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APPALACHIAN POWER

Appalachian Power seeks another rate increase to cover rising energy prices

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Appalachian Power Company is seeking approval for a customer rate increase the utility says is needed to due higher costs for fuels to generate electricity.

Appalachian Power Co. is proposing another rate increase, this one to cover the rising costs of the fuel it burns to produce electricity. The price for an average residential customer will be about $20 more on their monthly bill.

The request was filed recently with the State Corporation Commission.

Since 2020, the SCC has approved at least four other rate adjustment clauses for Appalachian: an earlier one for the higher costs of coal and natural gas in 2021, a second for increased transmission costs, a third to pay for environmental improvements to two coal-burning plants in West Virginia and a fourth for renewable energy projects required by a state mandate.

Together, those increases added up to about $18 a month for an average residential customer, someone who uses 1,000 kilowatt-hours of electricity per month.

In addition, the Virginia Supreme Court last month reversed a 2020 denial by the SCC of Appalachian’s request to increase its base rate by about $10 a month. The case was sent back to the commission, and Appalachian has until Sept. 23 to file a revised proposal.

“We recognize these are challenging financial times for many people and families,” Chris Beam, president and chief operating officer of the utility, said in an announcement Friday.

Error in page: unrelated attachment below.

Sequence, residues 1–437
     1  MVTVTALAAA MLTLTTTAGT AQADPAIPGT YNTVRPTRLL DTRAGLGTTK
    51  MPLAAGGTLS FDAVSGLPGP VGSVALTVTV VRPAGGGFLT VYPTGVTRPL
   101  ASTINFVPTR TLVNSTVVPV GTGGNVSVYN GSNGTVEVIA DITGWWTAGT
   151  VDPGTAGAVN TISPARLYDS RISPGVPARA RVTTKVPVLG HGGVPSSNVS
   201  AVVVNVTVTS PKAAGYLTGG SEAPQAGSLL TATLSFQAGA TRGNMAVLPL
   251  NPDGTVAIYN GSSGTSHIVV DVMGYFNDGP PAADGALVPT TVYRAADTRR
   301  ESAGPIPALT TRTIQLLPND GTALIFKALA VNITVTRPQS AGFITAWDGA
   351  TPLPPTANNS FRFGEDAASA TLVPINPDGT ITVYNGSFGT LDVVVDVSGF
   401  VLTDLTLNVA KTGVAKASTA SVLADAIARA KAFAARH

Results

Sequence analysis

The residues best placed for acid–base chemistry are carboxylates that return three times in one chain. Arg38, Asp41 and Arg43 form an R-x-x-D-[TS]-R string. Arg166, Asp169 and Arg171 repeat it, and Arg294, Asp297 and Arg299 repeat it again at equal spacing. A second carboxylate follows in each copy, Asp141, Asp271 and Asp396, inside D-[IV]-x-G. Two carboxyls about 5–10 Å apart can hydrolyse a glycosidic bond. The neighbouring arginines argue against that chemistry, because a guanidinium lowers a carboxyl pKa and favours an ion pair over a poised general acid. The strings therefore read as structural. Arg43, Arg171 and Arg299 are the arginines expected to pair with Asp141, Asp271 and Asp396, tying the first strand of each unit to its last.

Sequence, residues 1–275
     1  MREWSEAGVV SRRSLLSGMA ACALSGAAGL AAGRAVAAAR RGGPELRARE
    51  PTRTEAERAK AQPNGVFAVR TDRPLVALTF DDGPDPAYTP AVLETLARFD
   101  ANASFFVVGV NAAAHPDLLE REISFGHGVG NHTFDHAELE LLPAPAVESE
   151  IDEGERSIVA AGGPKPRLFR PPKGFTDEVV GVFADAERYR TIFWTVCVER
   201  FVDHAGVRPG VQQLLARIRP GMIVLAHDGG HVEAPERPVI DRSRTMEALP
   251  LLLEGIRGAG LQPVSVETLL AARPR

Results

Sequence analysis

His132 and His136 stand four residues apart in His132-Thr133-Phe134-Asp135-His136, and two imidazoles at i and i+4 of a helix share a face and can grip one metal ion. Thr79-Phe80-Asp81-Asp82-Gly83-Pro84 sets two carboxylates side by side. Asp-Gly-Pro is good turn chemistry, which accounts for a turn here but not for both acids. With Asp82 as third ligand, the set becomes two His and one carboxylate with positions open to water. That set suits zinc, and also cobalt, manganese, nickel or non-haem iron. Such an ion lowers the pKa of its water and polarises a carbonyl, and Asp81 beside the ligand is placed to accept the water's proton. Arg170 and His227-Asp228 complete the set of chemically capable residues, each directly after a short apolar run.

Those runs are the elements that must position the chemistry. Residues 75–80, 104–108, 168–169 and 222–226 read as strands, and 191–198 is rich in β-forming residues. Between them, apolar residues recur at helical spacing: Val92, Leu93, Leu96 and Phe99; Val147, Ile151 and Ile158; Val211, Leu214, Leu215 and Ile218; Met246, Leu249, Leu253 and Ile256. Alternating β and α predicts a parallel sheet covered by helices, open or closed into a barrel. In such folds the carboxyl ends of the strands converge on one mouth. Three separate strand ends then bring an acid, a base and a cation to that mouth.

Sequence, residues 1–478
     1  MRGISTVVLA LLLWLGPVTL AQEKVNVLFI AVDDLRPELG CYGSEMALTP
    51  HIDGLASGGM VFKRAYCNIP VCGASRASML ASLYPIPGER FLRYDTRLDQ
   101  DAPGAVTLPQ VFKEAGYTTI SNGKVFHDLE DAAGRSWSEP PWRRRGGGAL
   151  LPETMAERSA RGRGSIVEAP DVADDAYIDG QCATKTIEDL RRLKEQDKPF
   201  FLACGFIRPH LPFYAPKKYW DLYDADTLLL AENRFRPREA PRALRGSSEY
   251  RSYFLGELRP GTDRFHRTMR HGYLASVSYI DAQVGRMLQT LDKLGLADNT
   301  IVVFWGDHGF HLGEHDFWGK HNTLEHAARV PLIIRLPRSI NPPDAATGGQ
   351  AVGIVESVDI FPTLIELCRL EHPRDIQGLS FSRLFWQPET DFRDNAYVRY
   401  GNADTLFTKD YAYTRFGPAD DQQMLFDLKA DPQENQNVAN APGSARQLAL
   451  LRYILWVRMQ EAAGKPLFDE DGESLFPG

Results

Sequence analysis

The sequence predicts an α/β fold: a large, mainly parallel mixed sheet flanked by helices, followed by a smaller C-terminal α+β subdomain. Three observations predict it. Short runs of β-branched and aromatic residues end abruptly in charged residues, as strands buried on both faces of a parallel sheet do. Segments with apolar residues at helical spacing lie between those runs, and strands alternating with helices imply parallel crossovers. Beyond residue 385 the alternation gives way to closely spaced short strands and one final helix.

“We strive each day to keep fuel costs as low as possible, continuously monitoring energy markets for opportunities to purchase fuel and energy at prices that are advantageous to customers,” the statement read.

The utility serves 500,000-plus customers in Western Virginia.

Energy costs began to spike in 2021. The rapid rise was due to several factors including the resurgence of the economy following the COVID-19 pandemic, inflation, and the ongoing war in Ukraine, Appalachian said.

With a fuel factor rate increase, higher costs are passed directly on to customers, and Appalachian does not earn revenue from the adjustment.

Instead of recovering the increased costs over one year, the company has asked the SCC for approval to spread the amount over a two-year period, decreasing the impact on customers.

Customers experiencing difficulty paying their monthly bill are encouraged to contact the company for assistance.

Appalachian offers energy efficiency programs and payment options including an average monthly payment plan, which helps customers avoid seasonal spikes in their bills by spreading costs throughout the year.

The last time Appalachian requested an increase in its fuel factor rate, the SCC allowed it to take effect on an interim rate Nov. 1, 2021, and later gave final approval.

Under Virginia’s system of regulating large electric companies that have a monopoly on the market, the SCC considers changes to base rates every three years.

Other proposed increases or decreases are handled individually as rate adjustment clauses, or riders, for a variety of factors such as the cost of fuel, transmission expenses and environmental compliance.

As part of a sweeping state law passed in 2020, Appalachian must supply all of the electricity to its Virginia customers from carbon-free sources by 2050. Currently, coal and natural gas make up about 83% of the company’s power portfolio.

Over time, the company says, customers will pay less for fuel as the transition is made to renewable energy.

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